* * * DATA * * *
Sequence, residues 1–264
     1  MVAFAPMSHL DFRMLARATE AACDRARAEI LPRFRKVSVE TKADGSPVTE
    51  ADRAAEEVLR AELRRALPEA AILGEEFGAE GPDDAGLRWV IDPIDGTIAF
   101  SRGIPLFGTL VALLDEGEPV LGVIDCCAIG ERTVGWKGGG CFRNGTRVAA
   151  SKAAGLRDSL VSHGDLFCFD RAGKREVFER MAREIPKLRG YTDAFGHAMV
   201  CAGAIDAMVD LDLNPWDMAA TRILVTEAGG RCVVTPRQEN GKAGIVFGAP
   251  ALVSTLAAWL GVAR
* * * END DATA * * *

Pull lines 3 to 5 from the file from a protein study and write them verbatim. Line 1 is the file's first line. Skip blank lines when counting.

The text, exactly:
    51  ADRAAEEVLR AELRRALPEA AILGEEFGAE GPDDAGLRWV IDPIDGTIAF
   101  SRGIPLFGTL VALLDEGEPV LGVIDCCAIG ERTVGWKGGG CFRNGTRVAA
   151  SKAAGLRDSL VSHGDLFCFD RAGKREVFER MAREIPKLRG YTDAFGHAMV